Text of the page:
When you’re in the heat of the moment, the Martingale system feels like such an approach would work. However, from a mathematic model perspective, the Martingale leads to sure ruin eventually and all it takes is one strong trend that you’re on the wrong side of. Here’s a breakdown of the volatile equity swings that can take place when an account employs the Martingale system.

    Learn Forex: Sample Account Which Increases Trade Size Only To Losing Trades


    This example shows a profitable example but it’s helpful to think on this question. What would happen if you had a string of 10 losing trades in a row? It could happen and if you were adding to each loss of 100 pips hoping that it would eventually turn around, then you could be facing
    a Margin Call due to the inherent fallacy of this strategy.

    Learn Forex: Sample Account Where Martingale Meets String of Losing Trades



    You can easily get into trouble with the Martingale approach when you think that a trend can’t continue. Of course, it wouldn’t take long to find multiple examples of times when an imbalance in monetary policy caused a huge shift in the market and a new trend is born. Here is a recent example of USDCAD which pushed 650 pips in a few months without retracing more than a hundred pips on its push higher until recently.

    Learn Forex: The Recent USDCAD Trend Shows How Quickly the Martingale Can Blow-Up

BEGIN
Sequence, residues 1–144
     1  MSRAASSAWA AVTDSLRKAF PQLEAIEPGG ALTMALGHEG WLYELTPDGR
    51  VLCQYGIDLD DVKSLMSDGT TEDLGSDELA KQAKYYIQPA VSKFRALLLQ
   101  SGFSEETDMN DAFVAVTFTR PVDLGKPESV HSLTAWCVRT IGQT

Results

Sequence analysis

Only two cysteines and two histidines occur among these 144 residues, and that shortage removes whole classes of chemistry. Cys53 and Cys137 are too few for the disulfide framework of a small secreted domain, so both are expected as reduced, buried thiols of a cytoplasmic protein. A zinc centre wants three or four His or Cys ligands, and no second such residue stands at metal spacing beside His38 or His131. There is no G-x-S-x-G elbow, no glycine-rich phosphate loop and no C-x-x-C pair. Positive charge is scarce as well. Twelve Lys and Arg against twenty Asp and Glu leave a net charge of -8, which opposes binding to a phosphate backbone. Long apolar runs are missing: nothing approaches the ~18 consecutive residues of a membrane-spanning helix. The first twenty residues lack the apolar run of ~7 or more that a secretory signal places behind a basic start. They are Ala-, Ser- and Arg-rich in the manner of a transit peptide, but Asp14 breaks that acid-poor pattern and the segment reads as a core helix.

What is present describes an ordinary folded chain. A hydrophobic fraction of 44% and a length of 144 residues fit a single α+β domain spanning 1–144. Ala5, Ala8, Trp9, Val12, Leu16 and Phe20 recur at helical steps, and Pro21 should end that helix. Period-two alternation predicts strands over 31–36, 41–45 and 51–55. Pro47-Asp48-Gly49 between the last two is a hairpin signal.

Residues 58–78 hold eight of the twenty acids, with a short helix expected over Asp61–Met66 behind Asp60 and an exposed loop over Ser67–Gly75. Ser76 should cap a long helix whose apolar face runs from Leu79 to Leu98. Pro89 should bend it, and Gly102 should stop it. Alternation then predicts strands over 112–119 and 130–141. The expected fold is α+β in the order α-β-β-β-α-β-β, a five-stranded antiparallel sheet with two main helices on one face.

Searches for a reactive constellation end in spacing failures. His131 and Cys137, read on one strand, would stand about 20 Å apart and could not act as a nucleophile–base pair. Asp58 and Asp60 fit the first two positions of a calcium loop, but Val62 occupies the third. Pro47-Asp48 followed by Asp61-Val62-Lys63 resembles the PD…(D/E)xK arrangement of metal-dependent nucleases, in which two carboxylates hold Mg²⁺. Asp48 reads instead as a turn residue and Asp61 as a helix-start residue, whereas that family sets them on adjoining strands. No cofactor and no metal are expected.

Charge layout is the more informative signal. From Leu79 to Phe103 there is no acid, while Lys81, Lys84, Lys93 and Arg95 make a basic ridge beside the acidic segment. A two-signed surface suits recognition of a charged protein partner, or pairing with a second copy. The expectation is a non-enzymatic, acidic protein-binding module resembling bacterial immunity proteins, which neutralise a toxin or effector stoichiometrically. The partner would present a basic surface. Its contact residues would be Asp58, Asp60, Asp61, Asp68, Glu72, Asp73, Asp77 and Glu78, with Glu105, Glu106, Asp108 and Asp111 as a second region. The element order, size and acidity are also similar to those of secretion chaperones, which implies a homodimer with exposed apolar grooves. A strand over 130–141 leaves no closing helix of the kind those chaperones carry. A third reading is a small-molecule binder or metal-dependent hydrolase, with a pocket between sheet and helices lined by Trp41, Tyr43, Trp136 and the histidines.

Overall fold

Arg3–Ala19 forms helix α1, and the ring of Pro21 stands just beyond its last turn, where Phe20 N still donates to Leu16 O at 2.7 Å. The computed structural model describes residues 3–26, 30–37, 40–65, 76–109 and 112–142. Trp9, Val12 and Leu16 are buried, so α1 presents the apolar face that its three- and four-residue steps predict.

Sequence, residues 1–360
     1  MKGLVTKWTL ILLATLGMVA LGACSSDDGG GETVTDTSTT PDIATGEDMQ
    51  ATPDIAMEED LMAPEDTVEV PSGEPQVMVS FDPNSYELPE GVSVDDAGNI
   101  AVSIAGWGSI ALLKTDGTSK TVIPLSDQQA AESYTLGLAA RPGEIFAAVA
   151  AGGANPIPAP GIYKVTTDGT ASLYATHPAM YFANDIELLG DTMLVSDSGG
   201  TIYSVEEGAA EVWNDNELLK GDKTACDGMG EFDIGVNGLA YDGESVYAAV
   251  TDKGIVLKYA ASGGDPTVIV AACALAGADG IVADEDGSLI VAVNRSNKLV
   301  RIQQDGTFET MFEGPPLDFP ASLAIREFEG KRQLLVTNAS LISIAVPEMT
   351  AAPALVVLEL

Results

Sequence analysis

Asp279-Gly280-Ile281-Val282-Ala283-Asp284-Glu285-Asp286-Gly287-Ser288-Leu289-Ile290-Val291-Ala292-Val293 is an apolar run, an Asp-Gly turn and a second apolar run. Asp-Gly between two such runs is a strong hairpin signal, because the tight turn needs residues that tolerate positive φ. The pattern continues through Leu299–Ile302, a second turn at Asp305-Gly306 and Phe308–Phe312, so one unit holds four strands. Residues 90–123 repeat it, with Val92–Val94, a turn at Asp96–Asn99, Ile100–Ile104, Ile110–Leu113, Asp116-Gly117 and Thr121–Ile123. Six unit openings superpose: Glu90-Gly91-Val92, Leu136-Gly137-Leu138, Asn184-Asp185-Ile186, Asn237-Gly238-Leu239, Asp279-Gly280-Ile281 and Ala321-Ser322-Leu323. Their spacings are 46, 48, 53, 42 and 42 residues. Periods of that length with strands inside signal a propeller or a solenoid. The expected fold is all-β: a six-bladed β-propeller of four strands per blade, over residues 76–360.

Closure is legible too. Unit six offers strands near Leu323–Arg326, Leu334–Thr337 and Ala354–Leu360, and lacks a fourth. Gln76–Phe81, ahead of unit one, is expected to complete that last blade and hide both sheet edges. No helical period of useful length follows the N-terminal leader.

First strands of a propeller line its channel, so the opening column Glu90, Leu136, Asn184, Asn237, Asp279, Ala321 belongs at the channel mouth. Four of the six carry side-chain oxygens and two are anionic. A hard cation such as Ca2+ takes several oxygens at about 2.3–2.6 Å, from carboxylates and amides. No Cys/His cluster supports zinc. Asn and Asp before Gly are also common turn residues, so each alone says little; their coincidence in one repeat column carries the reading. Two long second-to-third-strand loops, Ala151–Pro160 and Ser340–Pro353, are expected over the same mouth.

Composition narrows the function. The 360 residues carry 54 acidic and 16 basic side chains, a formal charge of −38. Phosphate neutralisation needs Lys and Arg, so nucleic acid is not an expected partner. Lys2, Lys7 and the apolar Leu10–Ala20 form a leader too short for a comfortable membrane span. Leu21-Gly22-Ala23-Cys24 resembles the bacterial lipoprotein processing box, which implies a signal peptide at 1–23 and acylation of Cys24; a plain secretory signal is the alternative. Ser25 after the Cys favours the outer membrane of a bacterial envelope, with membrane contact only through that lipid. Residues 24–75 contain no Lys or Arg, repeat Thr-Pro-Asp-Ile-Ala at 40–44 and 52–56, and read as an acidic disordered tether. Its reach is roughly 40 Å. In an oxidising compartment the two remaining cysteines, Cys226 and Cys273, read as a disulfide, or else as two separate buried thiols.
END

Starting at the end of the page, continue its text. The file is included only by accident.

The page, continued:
This argument against the martingale approach whereby you add to losing trades begs a simple question. If this system is so popular, is there any situation where it does work? In my experience, there are two scenarios where Martingale can work. In a strict range bound market, it can work well but one breakout out of the range against your positions will wipe you out in due time. The second scenario is if the trader has unlimited capital.

    Can You Maximize Profits By Adding To Losses?

    Adding to your losses is a harmful strategy that can work in the short-term but has a very poor long-term track record. If your trade is losing, the most likely scenario is that your analysis was off or your timing was off but either way, it’s costing you money to stay in the trade and the best move is to exit the trade until the waters calm and you can make sense of the overall landscape. To grow your account, you should be advised to focus only on trading in a way that has a mathematical probability of growing your account and not trading to prove that you’re smart. If you take your trading beyond the p/l and make a winning or losing trade as emotional validation, then you could quickly become a martyr of your own faulty analysis.
    Premium Trading Forum: subscription, public discussion and latest news
    Trading Forum wiki || Social networks for the forum
    Trading blogs || My blog
    ePayments: premium subscription without paypal

  5. #5
    Member MusicUK's Avatar
    Join Date
    Mar 2013
    Posts
    77
    Blog Entries
    97

    Identifying When To Let Your Forex Trades Run Towards Bigger Profits

    For every hundred traders you come across who trade in short time frames, you may find two who are making a profit worth mentioning. The rest are struggling trying to figure out why they canít seem to get ahead. The reason is simple to figure out if they would slow down and think about their strategy for a moment.

    Despite the fast pace of the Forex market, a trader needs to show some restraint and a lot of patience. One way to do this and increase your probability of overall profits is by looking at the bigger picture and paying attention to those longer time frames.